I had been reading the Bhagavad Gita of late (book form), and came across a quote online from a Facebook page that was from Chapter 5, Verse 6.. which translated this verse as "Merely renouncing all activities yet not engaging in the devotional service of the Lord cannot make one happy. But a thoughtful person engaged in devotional service can achieve the Supreme without delay."
For some reason this translation didn't sit well with me at all, and I checked a few other sources.. and sure enough, Sivananda and some others (Bessant) translate this verse in a completely different way-- and in a way that makes more sense- and relate it to the Chapter discussion on the yoga of action (Karma yoga) vs the yoga of renunciation of action (Sankhya / Jnana).. and Krsna ends up advising that the yoga of action (Karma yoga) is easier, or rather renunciation of action is difficult without yoga (ie training/discipline).. and prior to this verse, it is stressed by Krsna that actually both are equal and one.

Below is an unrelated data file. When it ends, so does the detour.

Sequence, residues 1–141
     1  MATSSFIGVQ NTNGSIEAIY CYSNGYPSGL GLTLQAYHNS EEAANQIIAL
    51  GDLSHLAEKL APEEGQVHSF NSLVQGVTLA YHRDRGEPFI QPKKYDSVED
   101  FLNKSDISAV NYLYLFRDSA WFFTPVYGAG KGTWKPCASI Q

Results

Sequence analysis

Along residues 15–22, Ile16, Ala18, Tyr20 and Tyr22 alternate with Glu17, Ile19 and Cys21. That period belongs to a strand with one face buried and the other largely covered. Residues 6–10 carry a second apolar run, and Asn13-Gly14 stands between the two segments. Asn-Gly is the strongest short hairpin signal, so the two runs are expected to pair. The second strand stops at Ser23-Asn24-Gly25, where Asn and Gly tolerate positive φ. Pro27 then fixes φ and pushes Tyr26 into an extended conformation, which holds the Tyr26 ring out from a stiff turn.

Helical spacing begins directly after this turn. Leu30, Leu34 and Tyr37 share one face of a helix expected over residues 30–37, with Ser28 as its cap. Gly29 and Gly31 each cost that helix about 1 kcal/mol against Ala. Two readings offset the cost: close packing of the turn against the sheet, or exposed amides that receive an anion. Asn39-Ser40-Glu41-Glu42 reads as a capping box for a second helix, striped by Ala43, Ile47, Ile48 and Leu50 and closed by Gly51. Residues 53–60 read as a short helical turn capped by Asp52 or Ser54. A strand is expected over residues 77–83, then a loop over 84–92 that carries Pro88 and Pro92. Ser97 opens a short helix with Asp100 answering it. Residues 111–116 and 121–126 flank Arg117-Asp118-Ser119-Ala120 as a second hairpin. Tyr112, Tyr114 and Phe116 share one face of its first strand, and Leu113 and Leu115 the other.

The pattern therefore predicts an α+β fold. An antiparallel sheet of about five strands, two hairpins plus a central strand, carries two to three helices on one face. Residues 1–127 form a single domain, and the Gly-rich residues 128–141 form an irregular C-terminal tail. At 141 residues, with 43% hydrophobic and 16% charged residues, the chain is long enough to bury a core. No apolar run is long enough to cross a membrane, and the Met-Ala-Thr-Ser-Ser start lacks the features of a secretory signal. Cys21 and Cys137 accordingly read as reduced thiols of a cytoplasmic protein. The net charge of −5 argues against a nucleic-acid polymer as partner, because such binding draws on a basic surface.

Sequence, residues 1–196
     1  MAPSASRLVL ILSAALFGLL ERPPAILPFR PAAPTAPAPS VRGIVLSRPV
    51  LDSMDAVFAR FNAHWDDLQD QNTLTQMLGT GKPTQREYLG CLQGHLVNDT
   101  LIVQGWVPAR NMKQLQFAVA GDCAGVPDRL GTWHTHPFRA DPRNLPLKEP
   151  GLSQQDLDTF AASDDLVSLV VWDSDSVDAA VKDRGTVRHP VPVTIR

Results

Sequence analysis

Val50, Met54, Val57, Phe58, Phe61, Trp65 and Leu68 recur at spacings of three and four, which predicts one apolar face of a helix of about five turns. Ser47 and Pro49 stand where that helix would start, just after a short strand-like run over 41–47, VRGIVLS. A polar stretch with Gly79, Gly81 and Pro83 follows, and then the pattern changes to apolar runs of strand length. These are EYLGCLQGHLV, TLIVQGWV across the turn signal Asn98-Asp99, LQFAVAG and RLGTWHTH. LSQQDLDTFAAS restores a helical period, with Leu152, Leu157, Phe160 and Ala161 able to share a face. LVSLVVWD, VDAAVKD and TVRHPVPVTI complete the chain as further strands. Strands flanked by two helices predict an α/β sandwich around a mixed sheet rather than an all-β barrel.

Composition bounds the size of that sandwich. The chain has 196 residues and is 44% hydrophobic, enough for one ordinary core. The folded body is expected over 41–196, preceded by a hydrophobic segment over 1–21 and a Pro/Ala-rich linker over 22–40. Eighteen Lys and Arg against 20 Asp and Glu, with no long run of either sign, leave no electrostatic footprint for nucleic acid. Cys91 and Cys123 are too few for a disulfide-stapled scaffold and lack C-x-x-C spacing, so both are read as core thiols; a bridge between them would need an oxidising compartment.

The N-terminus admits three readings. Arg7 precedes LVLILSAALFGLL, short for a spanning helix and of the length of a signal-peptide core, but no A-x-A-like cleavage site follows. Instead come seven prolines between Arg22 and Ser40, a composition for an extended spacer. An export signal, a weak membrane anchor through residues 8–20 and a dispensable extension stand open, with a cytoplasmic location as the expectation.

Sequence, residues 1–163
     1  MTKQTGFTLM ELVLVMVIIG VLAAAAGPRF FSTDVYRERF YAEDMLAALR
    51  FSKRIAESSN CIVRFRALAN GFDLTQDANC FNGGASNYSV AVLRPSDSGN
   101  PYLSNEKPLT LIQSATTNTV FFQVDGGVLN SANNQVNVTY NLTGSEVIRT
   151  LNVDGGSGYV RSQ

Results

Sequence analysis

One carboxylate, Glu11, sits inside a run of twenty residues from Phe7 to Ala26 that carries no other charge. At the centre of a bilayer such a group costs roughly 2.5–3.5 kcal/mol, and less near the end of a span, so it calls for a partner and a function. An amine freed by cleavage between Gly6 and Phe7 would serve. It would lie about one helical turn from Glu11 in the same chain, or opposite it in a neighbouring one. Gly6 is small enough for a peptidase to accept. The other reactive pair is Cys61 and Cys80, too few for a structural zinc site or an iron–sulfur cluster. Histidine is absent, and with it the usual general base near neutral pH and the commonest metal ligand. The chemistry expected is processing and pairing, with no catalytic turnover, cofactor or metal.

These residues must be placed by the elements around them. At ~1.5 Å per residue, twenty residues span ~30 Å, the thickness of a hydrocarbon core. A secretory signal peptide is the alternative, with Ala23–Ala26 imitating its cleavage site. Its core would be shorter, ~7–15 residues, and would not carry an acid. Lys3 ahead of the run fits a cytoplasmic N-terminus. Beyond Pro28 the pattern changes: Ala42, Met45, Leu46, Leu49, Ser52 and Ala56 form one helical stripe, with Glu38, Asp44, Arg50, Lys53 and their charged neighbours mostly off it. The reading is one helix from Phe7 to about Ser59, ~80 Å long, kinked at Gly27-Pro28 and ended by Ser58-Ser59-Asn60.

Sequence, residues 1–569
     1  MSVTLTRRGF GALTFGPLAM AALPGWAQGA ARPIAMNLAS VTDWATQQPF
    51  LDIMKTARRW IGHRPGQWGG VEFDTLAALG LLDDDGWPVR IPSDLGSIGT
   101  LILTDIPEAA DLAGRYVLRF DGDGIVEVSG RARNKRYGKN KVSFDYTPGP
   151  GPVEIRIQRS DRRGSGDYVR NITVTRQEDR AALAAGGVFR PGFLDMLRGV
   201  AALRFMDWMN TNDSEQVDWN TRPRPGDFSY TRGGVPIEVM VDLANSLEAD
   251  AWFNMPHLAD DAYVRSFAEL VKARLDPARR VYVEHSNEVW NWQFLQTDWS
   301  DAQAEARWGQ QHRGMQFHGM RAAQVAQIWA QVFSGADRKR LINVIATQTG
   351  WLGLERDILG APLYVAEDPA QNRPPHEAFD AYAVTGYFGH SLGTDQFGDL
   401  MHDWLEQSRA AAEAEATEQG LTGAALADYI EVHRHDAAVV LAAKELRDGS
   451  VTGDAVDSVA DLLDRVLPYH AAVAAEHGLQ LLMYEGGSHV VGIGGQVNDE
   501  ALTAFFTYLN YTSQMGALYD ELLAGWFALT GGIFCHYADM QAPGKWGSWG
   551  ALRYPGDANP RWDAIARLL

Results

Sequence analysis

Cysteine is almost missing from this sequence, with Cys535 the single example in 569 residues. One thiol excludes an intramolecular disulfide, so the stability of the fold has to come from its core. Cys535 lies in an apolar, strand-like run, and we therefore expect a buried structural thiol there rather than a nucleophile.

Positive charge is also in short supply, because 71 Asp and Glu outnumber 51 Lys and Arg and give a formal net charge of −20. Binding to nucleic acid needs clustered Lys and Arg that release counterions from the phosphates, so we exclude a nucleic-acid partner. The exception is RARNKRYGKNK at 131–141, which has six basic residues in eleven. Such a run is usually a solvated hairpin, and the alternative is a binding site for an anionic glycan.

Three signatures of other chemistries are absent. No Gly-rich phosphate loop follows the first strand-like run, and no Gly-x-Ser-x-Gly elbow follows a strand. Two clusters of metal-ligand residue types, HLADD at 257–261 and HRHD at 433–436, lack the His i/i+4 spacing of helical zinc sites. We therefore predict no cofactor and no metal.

Later in the day, I found this excellent explanation on the use of 'yoga' throughout the Bhagavad Gita.. and thus had to share it-
Q: What does the word “yoga” given in each chapter-name mean?
"The word 'Yoga' has various meanings . Yoga means nirodha or mastery . also means upaya , a means of achieving something . Dhyana is also called yoga . A connection ,sangati , meaning a subject matter , visaya , is also called yoga. All the 18 chapters of Gita has the word ' yoga' in its title therefore, the appropriate meaning here is sangati , the connection or the subject matter. Thus, the word yoga does not refer to the practice of yoga but to the subject matter."